- Some people in this bracket have already started to experience a decline in mental faculties and might be more prone to make unsound investments.
- This age bracket might also have less time for research and lower familiarity with last generation technologies and can fall for buzzword investments, such as graphene, “nano” or medical products.
Don’t Be Too Conservative When Investing in Your 50s
Although it’s important for people nearing retirement age to be wary of risky investments, they also shouldn’t be too conservative. The reason: In today’s world, investors now assume all investment risk. But owning a conservative portfolio that’s heavily weighted in bonds or cash ignores the fact that stocks outperform bonds over almost all time periods.
“Retirement will last 30-40 years for many boomers, and the growth of their investment portfolio is integral to their ability to cover their financial needs in the future,” said Eric J. Schaefer, a financial advisor with Everway Investment Management in Arlington, Va. “Though inflation is considered in today’s environment, that won’t always be the case. Inflation in education, health care and other areas is significant and will likely continue for years to come. While your account statement may not reflect losses, over time inflation will eat into the purchasing power and true value of your retirement portfolio.”
Schaefer suggests an “appropriately allocated investment portfolio” with enough in cash or short-duration fixed income to cover multiple years of retirement spending — three years to five years depending on age. The balance should be invested in diversified global equities and alternatives.
“While the equities and alternatives may be volatile in the short term, over time they have a much higher expected rate of return,” he said. “The bond and cash side of the portfolio provides the cushion and peace of mind to prevent an emotional reaction in a down market.”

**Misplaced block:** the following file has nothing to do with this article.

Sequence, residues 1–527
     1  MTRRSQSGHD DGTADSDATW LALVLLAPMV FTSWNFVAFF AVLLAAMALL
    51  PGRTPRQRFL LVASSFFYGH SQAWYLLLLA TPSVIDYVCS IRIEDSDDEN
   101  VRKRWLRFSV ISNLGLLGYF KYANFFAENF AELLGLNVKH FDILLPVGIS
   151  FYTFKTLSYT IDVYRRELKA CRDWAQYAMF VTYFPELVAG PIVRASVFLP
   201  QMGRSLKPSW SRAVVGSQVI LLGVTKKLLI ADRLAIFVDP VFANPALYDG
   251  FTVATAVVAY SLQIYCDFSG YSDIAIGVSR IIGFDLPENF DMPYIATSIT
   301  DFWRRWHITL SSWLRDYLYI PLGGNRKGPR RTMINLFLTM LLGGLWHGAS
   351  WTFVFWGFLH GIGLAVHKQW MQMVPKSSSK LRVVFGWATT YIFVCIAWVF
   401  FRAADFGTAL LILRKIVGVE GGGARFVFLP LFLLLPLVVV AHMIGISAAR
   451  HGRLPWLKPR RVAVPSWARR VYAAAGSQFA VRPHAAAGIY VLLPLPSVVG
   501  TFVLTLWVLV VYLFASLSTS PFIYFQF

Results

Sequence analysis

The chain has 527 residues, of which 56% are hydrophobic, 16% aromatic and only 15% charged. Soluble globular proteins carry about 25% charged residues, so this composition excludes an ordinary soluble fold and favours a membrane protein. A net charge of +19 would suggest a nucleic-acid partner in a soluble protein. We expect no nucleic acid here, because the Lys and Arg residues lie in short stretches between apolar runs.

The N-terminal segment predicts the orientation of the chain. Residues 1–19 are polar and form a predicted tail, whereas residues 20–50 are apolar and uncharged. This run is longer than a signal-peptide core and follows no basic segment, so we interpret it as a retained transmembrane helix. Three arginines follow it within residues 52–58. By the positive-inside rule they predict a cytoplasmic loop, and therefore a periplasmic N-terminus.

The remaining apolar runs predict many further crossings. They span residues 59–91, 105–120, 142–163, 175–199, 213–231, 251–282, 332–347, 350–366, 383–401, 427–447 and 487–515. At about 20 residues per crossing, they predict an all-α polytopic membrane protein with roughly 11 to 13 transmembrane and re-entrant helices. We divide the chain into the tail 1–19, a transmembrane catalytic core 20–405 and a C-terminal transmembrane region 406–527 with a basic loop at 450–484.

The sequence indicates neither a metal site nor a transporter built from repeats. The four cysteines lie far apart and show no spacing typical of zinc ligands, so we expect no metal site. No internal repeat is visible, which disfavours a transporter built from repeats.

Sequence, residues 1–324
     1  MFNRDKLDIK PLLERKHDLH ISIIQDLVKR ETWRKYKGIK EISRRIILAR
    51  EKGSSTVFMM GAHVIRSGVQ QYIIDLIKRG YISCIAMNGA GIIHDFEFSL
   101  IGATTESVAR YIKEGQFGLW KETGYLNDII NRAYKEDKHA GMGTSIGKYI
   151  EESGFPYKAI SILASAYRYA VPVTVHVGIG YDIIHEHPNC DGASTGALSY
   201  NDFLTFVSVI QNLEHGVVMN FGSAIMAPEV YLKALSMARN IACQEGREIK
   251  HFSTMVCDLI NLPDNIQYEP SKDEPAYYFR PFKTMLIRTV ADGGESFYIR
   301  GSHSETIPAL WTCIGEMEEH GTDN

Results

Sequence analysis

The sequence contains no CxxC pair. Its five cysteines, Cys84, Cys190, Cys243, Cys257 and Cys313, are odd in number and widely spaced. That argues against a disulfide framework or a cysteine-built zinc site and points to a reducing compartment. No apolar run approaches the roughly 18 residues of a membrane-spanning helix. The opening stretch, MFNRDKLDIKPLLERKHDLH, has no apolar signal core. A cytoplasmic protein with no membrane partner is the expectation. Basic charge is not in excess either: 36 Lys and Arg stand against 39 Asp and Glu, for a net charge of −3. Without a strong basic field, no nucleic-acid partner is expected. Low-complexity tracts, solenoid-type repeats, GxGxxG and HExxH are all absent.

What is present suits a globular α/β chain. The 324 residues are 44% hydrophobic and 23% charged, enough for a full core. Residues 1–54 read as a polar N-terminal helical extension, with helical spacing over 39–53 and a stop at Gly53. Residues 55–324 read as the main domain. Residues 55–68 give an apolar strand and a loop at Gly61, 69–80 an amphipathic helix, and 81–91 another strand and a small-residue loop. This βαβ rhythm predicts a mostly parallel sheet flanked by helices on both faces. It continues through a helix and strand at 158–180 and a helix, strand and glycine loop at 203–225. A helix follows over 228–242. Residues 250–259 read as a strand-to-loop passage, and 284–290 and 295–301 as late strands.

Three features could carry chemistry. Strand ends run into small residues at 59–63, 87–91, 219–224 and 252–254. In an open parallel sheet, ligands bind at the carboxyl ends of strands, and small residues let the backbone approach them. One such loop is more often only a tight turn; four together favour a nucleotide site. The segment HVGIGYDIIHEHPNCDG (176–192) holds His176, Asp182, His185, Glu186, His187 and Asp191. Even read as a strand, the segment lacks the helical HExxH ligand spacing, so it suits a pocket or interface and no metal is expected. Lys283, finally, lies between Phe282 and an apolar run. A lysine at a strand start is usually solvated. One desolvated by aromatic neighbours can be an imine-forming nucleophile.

Investing for Retirement in Your 50s: Investments to Avoid
Based on interviews with multiple financial advisors, here are some of the worst investments a person in their 50s can make:
1. Real Estate
Michael Clark, a CFP in Orlando, Fla., said real estate “can be a wonderful investment, but do not get a new 30-year mortgage since you will be making payments well into your eighties. Time your mortgage payoff with your retirement date. This way, you can avoid debt payments in retirement.”
Another danger comes from excessive borrowing at a later age. “While real estate is a great asset to invest in, I warn investors nearing retirement of the risks that leveraging yourself could bring if things don’t go right,” said Reiner. “Because you don’t have time to recover from a loss because you are too exposed to leverage at the wrong time — if a market turns — you will be looking for more work at age 65 as opposed to less.”
Few investments generate as much emotional reaction as annuities. Whether fixed, variable or immediate, annuities seem to elicit debate and some sad stories.
For example, Karen Benz said she was working as a new financial advisor for Wells Fargo Advisors in Long Island when she was sold an annuity from another Wells Fargo financial professional. “I was coerced to purchase an annuity when I was 50,” she said. “Not only did I pay high fees of over 3.50 percent, but the broker was incented with an up-front commission of over $15,000. It took me four years to dump it without heavy fees.”
“Anyone under 60 should steer clear of any financial person trying to sell an annuity to them.”
Fixed annuities are essentially the purchase of a contractual obligation from an insurance company, explained Schaefer. The life insurance company credits your account value with a fixed rate of return, eliminating any market-related risk. But in exchange for providing this guarantee, the life insurance company requires a minimum time commitment of usually seven to nine years to custody the account.